My rather faint and dilettantish interest in Buddhism has in recent years grown more serious, inspired in part by being seriously ill and unable to practice yoga as I used to, forcing me to turn to meditation instead. So I guess the people who believe that yoga is a gateway practice to Satanism are not entirely wrong.
Anyway, a regular meditation practice has led to an increasing interest in the philosophy and ethics of Buddhism, which, inasmuch as I knew anything of them, seemed more aligned with my own beliefs than anything from the Middle Eastern monotheistic tradition. However, I still had and have a key problem with Buddhism, just as I do with any other religion; namely, that while on the one, instinctual, level, I *do* kind of believe in magic (I write fantasy, after all), and experience the world as being a sort of semi-magical, semi-mystical place where I encounter signs and portents, have prophetic dreams, and frequently turn on the radio just as that song I’ve been thinking about all morning comes on (all true things), I try not to get too caught up in believing that magic, conspiracy theories, and aliens have much impact on how I should live my day-to-day life. After all, when it comes right down to it, I never got my letter from Hogwarts.
Which is to say that I’ve always been skeptical of the supernatural, “religious” side of religion. Plus, it’s *so funny* how religious doctrine handed down for millennia tends to be deeply sexist and uphold the social conditions of, say, 1st century Judea or 4th century India. I just can’t throw myself wholeheartedly behind any belief system that declares I must wear a sign of authority on my head (which, for the record, is not empowering, no matter what brainwashed apologists might claim), walk x number of paces behind my (non-existent) husband, avoid holy sites while menstruating, or only buy slaves from certain countries.
All of which means that organized religion, even Buddhism, has never been for me. Which has not stopped me from reading up on it and thinking fairly seriously about what I might glean from it and how I might incorporate select teachings into my day-to-day life.
It is to just such people that Stephen Batchelor’s “After Buddhism” is aimed. Dense and well informed from close readings of some of the foundational discourses, the book attempts to illuminate what Batchelor believes to be the fundamental teachings of the Buddha, teasing out their historical and cultural bases from their eternal truths.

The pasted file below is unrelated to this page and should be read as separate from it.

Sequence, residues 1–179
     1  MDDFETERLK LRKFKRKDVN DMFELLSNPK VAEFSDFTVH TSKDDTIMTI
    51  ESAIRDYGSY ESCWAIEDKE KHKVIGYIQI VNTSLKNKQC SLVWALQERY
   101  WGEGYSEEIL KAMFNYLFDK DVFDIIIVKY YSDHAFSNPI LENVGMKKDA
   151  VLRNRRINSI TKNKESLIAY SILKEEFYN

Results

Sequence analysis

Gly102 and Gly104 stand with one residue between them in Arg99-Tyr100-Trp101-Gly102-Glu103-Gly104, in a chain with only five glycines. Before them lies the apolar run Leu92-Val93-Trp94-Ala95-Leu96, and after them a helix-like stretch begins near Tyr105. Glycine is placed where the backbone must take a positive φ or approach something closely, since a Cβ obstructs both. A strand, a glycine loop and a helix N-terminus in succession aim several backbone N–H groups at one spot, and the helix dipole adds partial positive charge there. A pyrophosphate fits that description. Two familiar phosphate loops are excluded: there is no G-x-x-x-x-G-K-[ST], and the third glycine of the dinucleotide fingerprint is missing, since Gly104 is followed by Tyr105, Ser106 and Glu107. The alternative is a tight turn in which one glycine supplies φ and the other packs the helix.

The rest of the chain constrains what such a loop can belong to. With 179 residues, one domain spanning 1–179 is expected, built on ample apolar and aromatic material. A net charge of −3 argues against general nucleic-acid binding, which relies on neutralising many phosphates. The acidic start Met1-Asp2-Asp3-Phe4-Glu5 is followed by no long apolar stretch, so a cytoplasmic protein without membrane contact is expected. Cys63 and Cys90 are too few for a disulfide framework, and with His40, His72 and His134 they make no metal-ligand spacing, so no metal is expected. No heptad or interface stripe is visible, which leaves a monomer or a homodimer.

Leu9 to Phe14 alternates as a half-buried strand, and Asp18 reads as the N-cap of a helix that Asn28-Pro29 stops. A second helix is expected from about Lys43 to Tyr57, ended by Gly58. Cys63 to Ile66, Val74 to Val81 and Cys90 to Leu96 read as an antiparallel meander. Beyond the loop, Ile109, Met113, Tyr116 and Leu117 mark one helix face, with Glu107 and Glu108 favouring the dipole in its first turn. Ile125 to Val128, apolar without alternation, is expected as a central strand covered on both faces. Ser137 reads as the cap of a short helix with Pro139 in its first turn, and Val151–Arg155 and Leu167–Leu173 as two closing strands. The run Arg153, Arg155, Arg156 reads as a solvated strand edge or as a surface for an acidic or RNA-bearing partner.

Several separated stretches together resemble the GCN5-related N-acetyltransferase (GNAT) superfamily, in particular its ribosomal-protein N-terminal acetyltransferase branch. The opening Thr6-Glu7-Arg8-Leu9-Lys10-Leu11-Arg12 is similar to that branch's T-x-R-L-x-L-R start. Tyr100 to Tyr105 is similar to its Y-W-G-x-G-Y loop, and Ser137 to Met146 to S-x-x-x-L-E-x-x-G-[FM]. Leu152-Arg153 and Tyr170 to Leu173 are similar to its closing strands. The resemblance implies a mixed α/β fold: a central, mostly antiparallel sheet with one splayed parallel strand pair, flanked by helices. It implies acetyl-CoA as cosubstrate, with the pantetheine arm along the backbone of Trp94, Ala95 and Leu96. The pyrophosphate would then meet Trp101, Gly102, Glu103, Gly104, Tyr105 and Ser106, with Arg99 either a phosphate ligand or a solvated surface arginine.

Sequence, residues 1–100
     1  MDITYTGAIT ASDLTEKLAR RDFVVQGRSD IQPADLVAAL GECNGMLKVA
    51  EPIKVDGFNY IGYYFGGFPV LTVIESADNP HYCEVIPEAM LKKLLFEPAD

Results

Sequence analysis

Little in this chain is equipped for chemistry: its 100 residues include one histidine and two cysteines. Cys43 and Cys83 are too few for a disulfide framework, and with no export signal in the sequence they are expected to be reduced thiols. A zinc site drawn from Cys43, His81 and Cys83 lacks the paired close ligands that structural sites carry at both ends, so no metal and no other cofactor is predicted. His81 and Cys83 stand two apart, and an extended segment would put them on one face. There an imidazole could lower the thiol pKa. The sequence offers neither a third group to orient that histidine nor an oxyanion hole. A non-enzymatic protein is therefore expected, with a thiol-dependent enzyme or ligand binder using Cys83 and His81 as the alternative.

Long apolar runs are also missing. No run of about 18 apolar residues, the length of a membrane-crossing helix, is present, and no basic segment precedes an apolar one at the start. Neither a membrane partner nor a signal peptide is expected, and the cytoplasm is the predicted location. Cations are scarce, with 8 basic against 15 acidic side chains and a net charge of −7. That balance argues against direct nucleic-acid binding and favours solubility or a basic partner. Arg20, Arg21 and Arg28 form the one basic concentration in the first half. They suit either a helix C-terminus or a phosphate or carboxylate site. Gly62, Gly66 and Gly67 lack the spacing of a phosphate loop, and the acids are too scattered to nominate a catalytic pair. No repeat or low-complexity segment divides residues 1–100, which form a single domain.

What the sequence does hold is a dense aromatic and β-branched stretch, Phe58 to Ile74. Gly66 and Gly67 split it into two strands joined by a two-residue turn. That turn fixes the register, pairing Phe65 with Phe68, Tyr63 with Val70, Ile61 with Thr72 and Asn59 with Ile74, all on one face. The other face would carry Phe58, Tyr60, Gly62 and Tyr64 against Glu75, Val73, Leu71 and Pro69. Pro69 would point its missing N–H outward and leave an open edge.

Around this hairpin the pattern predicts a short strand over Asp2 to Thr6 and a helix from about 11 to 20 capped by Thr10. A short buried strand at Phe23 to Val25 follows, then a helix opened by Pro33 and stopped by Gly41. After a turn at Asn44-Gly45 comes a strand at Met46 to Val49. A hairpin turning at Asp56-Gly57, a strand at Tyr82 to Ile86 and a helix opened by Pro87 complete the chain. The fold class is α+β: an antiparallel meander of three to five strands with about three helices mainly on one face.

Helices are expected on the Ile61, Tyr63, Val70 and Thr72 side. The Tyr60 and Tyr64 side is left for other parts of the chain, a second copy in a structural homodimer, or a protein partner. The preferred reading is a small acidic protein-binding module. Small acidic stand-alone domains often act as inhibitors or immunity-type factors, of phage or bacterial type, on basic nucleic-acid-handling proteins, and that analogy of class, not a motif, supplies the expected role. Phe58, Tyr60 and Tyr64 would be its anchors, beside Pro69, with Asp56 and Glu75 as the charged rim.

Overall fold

Although Batchelor might argue with my use of the word “truth” there, especially yoked to the word “eternal,” because one of the points he makes repeatedly is that the teachings of the Buddha and the dharma as envisioned by Gotama were not supposed to provide timeless, ungrounded truths, but rather a pragmatic way of living that reduced suffering in the here-and-now. Rather than arguing over metaphysics, the Buddha as Batchelor describes him was primarily concerned with teaching his followers to let go of reactivity, break their repetitive patterns of negative behavior, and act according to the wisdom and compassion of the concrete situation, rather than abstract concepts of right and wrong.
Batchelor refers to modern science, particularly evolutionary biology, as he constructs his arguments, but he does so, he explains, because that is the lens through which Western readers are best able to understand the world, just as the people of the Ganges basin 2500 years ago understood the world through the concepts of reincarnation and karma. For the practicing Buddhist, Batchelor says, what matters is not so much whether “karma is real” or evolutionary biology is “true,” but that both of these concepts point to the fact that sentient beings live in a here-and-now conditioned by the actions of others and events in the past, and affect the lives of others and the events in the future in turn.
“After Buddhism” is not a quick read, and assumes a certain base knowledge of Buddhism and the dharma, but it still accessible to the lay reader who is willing to engage actively with the text. Strongly recommended for Western Buddhists or Westerners interested in Buddhism, especially those who may be struggling with some of the more supernatural or archaic aspects of traditional practice.
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